Before I start my review, I must apologize to fans of Gothic Metal if I make any mistakes during this review. I must confess that I had no idea what kind of music Semblant played when I picked this album for listening. I didn’t even realize they were Brazilian. I don’t want you to think I had a bad impression of this album, it’s just a matter of talking about a genre that I am not so familiar with. However, let me cut my smooth talk and continue to what really matters, the band’s third full-length album “Obscura”.

Semblant are not a new band, they have been together for almost 15 years. When I heard this album for the first time, I got the impression that this was an experienced band that knows exactly what they are doing, and I was correct. Considering that I’m not a follower of Gothic/Dark Metal, I will try to express my feelings as an ordinary listener.

Here is something inspired by the great Swedish Melodic Death metal bands from the nineties, but not so melancholic in style. The guitar work is excellent, but it explores riffs and solos in a more simplistic way, as you can hear in the track ‘Barely Breathing’, always having the bass to support the heaviness. The impression I get is that the keyboards of J. Augusto are a bit hidden in the music and it surprises me because, when I hear the term Gothic Metal, intense and loud keyboards are the first thing that come to my mind. Drummer Welyntom Sikora follows the rhythmical guitars and strongly explores double kicks throughout the album, but without many cadence changes.

I won’t say that the vocals are the highlight, but it feels, to me, that the compositions are built using them and the final mix sees both singers ahead of the other instruments, except the drums. The vocals consist of the powerful female voice of Mizuho Lin and the guttural male voice of Sergio Mazul. Mizuho explores her high range with great melody while Sergio uses different kinds of screams, but they complement each other excellently. Both have the perfect amount of time to use their voices. As I said before, my impression is that the creation of the music was built entirely around their voices.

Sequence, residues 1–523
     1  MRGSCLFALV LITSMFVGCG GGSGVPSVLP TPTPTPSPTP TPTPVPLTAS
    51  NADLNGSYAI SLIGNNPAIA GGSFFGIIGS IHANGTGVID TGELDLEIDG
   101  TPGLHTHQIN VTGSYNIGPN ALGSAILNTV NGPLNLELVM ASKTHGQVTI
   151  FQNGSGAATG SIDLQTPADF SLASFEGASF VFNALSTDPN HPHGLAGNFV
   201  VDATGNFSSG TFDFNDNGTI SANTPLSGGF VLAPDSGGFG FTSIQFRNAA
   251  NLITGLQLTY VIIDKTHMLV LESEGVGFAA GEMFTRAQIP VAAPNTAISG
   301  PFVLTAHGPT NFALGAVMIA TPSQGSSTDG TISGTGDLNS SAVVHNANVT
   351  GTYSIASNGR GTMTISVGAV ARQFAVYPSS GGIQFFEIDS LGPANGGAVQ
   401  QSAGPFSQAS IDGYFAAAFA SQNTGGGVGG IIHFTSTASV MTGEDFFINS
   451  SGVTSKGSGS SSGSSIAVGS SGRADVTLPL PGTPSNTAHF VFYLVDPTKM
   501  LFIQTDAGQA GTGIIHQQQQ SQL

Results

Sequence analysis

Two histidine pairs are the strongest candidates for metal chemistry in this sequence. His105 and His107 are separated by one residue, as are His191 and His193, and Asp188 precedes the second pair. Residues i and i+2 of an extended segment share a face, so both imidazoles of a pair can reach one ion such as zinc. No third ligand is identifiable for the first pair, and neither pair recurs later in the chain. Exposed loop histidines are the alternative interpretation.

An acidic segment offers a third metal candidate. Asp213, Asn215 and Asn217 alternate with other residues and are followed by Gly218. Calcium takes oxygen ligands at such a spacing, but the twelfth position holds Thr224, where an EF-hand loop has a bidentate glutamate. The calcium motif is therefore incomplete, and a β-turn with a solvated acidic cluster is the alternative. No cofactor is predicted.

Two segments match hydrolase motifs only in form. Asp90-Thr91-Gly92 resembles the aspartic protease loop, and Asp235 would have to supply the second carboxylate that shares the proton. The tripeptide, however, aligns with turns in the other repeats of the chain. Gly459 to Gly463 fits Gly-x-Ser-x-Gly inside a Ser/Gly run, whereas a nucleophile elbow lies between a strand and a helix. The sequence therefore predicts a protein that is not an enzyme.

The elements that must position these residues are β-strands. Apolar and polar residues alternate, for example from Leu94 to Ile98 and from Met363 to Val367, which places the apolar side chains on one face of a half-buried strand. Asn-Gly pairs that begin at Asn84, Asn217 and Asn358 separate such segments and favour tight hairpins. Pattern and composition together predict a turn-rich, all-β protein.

The album has basically the same structure throughout with the duets of vocals, double kicks, fast guitars and bass, but there are a few segments which differ, for instance, on the track ‘Wallachia’ that uses a more operatic approach vocally and slightly Black Metal arrangements within the riffs, the ballad ‘Daydream Tragedy’ which surprised me with clean male vocals and slow cadence followed by guitars without distortion, while the opera style vocals return on final track ‘Insomnia’ where a few solos are reminiscent of Tom Morello in style.

Dark and Gothic Metal are styles far beyond my knowledge, but thinking impartially, Semblant come across as a professional and very consistent band that know exactly what they want from their music. They are Heavy, direct and don’t tire you with complex arrangements. This probably explains why “Obscura is such a good album and Semblant have conquered legions of fans around the world during their career.

01. Murder Of Crows
02. Left Behind
03. Dethrone The Gods, Control The Masters (Legacy Of Blood Pt. IV)
04. Mere Shadow
05. Porcelain
06. The Hunter, The Hunger (Legacy Of Blood Pt. V)
07. Wasteland
08. Barely Breathing
09. Wallachia
10. Daydream Tragedy
11. Insomnia (Bonus Track)

J. Augusto – Keyboards
Sergio Mazul – Vocals (male)
Mizuho Lin – Vocals (female)
Juliano Ribeiro – Guitars
Welyntom “Thor” Sikora – Drums
Johann Piper – Bass


Disclaimer: This review is solely the property of Victor Augusto and Ever Metal. It is strictly forbidden to copy any part of this review, unless you have the strict permission of both parties. Failure to adhere to this will be treated as plagiarism and will be reported to the relevant authorities.